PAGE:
WASHINGTON — During a tragic two weeks at Louisiana State University, three students have died, the latest being D.C.- area native Marakah Dennis.
The 18-year-old dreamed of becoming a dentist, her older sister said.
She wrote for her high school paper, swam, ran track, played softball -- always with a smile on her face.
Her family and friends expected big things when she started her freshman year of college at LSU.
Her friend said they thought they had made it past the biggest hurdle of surviving growing up in D.C.
"Our fear was we’re not going to make it home from living in D.C.," her friend, J'TA Freeman, said. "We don’t think we’re going to make it home at night, not once we leave, we’re not going to come back.”
Sadly, her friend, Marakah, will not get the chance to achieve those dreams. LSU police found Dennis dead in her dorm room Tuesday.
The coroner has completed the autopsy but is waiting for toxicology reports to release the cause of death.
Dennis' death marks the third student death at LSU in September, according to the school's paper. The first student was shot and killed on Sept. 7.
Last Sunday, another student got into a serious skateboarding accident that eventually killed him.
The university's President released a statement Wednesday that read in part:
"I am heartbroken by these awful events, and our entire campus community is mourning their passing. While the situations are unrelated, the collective loss means a great deal to our institution."
Friends back home in D.C. couldn't believe the news.
"When I first found out ... I started crying," J'TA Freeman said. "She was supposed to be at LSU. She was supposed to be a student. She was supposed to live her life.”
Freeman said she met Dennis three years ago at the Marion Barry Youth Leadership Institute.
“I was shy, and she just had this big bubbly spirit, so we instantly hit it off," she said.
That's how her family describes her, too: full of life.
"She had an infectious smile," her older sister Isis Mone' said via Facebook messenger. "She would brighten [anyone's] day. Her smile would light up the room. Her energy was amazing, she touched the lives of many."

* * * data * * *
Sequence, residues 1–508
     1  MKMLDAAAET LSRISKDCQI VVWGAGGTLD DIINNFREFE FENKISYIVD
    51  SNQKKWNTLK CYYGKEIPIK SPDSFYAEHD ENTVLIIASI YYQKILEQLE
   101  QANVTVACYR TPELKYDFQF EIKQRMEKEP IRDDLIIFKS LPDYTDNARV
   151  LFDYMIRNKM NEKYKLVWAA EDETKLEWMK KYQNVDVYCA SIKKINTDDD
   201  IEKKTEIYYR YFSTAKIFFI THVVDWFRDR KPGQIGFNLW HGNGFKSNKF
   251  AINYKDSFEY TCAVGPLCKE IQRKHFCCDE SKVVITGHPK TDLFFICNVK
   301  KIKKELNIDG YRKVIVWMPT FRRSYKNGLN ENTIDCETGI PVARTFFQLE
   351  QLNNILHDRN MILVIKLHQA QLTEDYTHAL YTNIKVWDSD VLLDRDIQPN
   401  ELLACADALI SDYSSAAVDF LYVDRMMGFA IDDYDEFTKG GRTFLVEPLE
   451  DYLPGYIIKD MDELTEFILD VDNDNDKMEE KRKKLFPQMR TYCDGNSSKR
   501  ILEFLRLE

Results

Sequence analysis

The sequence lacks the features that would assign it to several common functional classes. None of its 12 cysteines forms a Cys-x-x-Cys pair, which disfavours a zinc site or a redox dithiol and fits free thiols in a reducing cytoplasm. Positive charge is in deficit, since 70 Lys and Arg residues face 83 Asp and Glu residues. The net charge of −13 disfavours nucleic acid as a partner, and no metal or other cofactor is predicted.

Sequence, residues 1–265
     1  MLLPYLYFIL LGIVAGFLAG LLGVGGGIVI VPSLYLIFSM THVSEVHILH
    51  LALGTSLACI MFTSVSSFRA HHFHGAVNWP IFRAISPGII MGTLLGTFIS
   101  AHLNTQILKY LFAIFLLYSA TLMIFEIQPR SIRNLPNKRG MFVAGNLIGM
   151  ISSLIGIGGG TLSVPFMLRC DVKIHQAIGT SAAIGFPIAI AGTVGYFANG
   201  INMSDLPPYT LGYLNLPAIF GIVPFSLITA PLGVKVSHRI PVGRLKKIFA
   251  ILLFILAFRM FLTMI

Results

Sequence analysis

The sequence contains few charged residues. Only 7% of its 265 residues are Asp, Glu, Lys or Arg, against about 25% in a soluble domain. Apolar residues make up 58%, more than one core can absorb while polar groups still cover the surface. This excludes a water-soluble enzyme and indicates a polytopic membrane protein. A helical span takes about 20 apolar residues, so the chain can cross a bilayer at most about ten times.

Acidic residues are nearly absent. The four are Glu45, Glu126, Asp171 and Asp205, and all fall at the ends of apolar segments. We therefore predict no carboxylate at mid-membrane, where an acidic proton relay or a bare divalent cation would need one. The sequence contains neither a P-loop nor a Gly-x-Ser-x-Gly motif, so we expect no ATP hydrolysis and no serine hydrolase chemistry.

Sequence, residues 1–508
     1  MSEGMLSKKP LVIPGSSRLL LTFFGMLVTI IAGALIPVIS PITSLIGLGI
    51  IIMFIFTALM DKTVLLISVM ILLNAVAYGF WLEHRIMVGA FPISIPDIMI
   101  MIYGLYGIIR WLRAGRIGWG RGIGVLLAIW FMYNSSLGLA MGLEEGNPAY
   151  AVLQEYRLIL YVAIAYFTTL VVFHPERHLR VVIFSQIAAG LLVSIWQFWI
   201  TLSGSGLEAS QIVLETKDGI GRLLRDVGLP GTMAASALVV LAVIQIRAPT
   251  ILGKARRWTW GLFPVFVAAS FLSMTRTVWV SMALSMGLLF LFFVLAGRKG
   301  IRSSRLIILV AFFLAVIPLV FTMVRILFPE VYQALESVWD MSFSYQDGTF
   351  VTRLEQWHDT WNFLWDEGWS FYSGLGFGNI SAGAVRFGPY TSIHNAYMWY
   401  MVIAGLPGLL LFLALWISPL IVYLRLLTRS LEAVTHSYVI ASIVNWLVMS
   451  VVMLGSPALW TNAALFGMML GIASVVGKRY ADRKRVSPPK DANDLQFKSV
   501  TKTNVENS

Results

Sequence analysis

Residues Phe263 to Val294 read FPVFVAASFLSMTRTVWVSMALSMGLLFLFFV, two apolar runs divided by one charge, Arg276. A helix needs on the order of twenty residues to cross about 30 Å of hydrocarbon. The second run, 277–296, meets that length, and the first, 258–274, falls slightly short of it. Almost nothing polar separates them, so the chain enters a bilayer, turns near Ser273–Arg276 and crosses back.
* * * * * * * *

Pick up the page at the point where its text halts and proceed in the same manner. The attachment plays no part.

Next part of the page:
Dennis had just graduated from St. John's College High School this year and left an imprint on students and staff alike.
The school said in a statement:
"Marakah’s positive energy could be felt by all who came in contact with her – whether in the classroom, through her work as an editor for The Sabre, in the Cadet Corps or on the softball diamond. She embodied the essence of a St. John’s student through her zeal and true servant heart."
Freeman said she and Dennis just wanted to make it out of D.C. and escape the cycle of violence.
“She, just like all of us, we just wanted to make our parents proud, just be better than the norm," said Freeman.
Her mom, Lashawn Watson Dennis, who spent most of the week in Louisiana, is still grappling with the sudden loss.
"She was such a loving person and was surrounded by love. The sweetest person you could ever know," she said via Facebook messenger. "So full of life. So adorable. So kind. Never sweated the small stuff. Very forgiving. So [optimistic]. So much confidence. Always ready to go. Loved to sleep. Loved her family and friends."
Her friends and family say they'll remember her by the contagious smile they grew to love.
This story will be updated pending the coroner's report.
Jess Arnold is a reporter for WUSA 9. Follow her on Twitter at @JessArnoldTV.